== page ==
FIELDS INSTITUTE FOR RESEARCH IN MATHEMATICAL SCIENCES
MATHED FORUM MEETING AGENDA
Institute, 222 College Street, Toronto
10:00 - 10:10am
Reports: OAME, OMCA, OCMA, CMESG, CMS, and other.
10:05 - 10:40 am (including 15 minutes discussion).
Chris Suurtamm (University of Ottawa) and Martha Koch (University
'Reconceptualizing the mathematics curriculum as a dynamic, co-created
Abstract: In this presentation, we provide an overview of research
on learning trajectories in mathematics and discuss the implications
of this research for curriculum design. Our conception of curriculum
is rooted in metaphors of emergence and growth drawn from complexity
thinking. We draw on three characteristics of complex systems
to envision a more effective mathematics curriculum: complex systems
are comprised of many co-implicated levels or layers; complex
systems have a networked structure rather than a linear one; complex
systems adapt to changing circumstances and re-define themselves.
We propose a view of school mathematics as multi- dimensional
networks of interconnected concepts and processes. Further, we
offer some innovative ideas for building and representing the
curriculum as a web-enabled, co-created resource. Using digital
technology we surmount the limitations of print-based curricula
which have generally been structured as linear progressions of
achievement outcomes organized in discrete mathematics strands.
In our vision, teachers and students are key players and the curriculum
develops as teachers and students explore mathematical ideas and
propose new connections, representations and learning tasks. Thus,
rather than a static document teachers must follow, we reconceptualize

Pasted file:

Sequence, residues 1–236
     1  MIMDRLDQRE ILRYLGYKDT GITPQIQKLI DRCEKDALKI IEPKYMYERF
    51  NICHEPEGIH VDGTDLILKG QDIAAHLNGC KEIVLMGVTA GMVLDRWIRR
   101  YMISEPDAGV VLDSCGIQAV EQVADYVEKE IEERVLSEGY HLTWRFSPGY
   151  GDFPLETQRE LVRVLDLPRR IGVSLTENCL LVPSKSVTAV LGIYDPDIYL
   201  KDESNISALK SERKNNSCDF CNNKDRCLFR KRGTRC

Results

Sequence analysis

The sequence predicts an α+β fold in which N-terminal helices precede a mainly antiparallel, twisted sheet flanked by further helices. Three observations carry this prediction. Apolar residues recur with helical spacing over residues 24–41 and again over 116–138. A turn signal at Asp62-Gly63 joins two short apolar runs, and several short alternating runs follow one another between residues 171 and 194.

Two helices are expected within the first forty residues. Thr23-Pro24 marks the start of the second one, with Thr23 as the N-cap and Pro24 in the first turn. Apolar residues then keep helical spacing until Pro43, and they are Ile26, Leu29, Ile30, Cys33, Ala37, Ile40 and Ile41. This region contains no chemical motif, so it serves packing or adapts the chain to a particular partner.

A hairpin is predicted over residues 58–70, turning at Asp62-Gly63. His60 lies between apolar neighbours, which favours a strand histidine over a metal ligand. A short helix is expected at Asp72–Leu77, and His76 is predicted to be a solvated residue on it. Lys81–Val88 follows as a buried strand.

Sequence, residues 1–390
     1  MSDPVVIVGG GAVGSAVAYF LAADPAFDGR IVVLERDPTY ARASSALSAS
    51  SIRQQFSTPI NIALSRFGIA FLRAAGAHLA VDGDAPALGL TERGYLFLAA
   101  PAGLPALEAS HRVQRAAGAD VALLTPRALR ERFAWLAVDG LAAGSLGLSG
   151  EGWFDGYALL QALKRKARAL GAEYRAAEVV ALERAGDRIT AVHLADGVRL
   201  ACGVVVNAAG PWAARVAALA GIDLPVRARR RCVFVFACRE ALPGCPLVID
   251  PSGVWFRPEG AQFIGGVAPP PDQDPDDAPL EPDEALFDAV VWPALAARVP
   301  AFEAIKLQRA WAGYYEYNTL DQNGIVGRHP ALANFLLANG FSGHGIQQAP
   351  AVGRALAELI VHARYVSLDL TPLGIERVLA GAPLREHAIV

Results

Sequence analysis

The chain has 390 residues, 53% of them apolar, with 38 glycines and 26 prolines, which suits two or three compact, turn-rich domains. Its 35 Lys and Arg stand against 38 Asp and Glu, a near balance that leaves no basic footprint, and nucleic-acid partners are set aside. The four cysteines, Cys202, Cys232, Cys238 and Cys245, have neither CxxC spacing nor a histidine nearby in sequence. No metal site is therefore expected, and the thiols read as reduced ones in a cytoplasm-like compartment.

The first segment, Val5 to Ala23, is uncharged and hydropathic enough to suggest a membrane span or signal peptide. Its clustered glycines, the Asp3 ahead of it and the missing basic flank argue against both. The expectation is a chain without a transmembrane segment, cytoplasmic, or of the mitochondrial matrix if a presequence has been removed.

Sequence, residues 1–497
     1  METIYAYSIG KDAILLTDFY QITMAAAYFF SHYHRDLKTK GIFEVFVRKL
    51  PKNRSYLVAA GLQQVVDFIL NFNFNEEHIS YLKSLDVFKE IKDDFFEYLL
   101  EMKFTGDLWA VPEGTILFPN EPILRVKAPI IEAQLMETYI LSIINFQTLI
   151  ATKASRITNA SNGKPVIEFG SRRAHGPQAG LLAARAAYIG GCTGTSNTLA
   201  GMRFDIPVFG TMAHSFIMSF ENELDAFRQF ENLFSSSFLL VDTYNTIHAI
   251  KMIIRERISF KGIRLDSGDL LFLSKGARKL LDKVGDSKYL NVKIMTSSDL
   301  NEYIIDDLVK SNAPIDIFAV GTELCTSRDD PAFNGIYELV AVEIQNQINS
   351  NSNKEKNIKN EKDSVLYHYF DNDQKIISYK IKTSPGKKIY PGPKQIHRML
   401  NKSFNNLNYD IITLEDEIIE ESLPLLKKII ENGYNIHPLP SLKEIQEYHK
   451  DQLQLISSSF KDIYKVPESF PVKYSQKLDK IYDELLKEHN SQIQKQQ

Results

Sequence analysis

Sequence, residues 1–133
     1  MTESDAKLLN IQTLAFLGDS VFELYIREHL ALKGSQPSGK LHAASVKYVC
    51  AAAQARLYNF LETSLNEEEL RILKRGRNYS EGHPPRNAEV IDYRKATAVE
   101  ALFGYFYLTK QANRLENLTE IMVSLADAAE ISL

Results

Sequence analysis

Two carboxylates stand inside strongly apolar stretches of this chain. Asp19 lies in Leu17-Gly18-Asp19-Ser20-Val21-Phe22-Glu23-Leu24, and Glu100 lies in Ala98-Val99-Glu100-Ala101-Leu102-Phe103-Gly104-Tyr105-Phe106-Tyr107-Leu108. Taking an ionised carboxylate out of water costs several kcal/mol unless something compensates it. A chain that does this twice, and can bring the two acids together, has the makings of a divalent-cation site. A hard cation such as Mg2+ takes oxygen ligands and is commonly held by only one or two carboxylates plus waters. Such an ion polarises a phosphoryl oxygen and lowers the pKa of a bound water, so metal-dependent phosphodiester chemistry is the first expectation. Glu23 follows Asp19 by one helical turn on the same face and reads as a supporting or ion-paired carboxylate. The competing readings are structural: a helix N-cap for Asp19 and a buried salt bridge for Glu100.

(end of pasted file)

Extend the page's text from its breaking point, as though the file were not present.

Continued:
the curriculum as a dynamic resource that supports mathematics
teaching and learning.
10:40 - 11:15 am (including 15 minutes discussion)
Tina Rapke (York University)
'Students and their instructor co-developing a final closed book
Abstract: In this presentation I will describe the process of
my students and I co-developing the closed book final exam for
a college mathematics course and detail some of the effects of
assessing with and being involved in such an activity. I will
draw on qualitative data to discuss how the process fostered creativity
in mathematics and the growth of more generalized mathematical
11:15 - 11:45 a.m. Short Oral Communications (10 min each):
1. Ariel Wan-Hua Ho & Joanne Lee (Wilfrid Laurier University)
'Promoting purposeful play through LittleCounters program'
Abstract: We sought to examine the effectiveness of a community-based
early numeracy program called LittleCounters, in promoting purposeful
play and instilling numeracy concepts with young children. Thirty-four
children between 16 - 34 months and their caregivers participated
in a 30- minute naturalistic play session at their home. All play
sessions were transcribed and coded for the following variables:
types of play (i.e., play-based learning, purposeful play), types
of purposeful play (reinforcing concepts, assessing and confirming,
advancing concepts), numeracy talk produced by both caregivers
and children (quantity words, cardinality, counting with or without
objects, ordinality), and the mathematical strategies (problem
solving, representing, cognitive challenge, emotional scaffolding).
The present study demonstrates that the LittleCounters program
was efficient in facilitating parents to engage in mathematical
strategies, especially representing, with their children through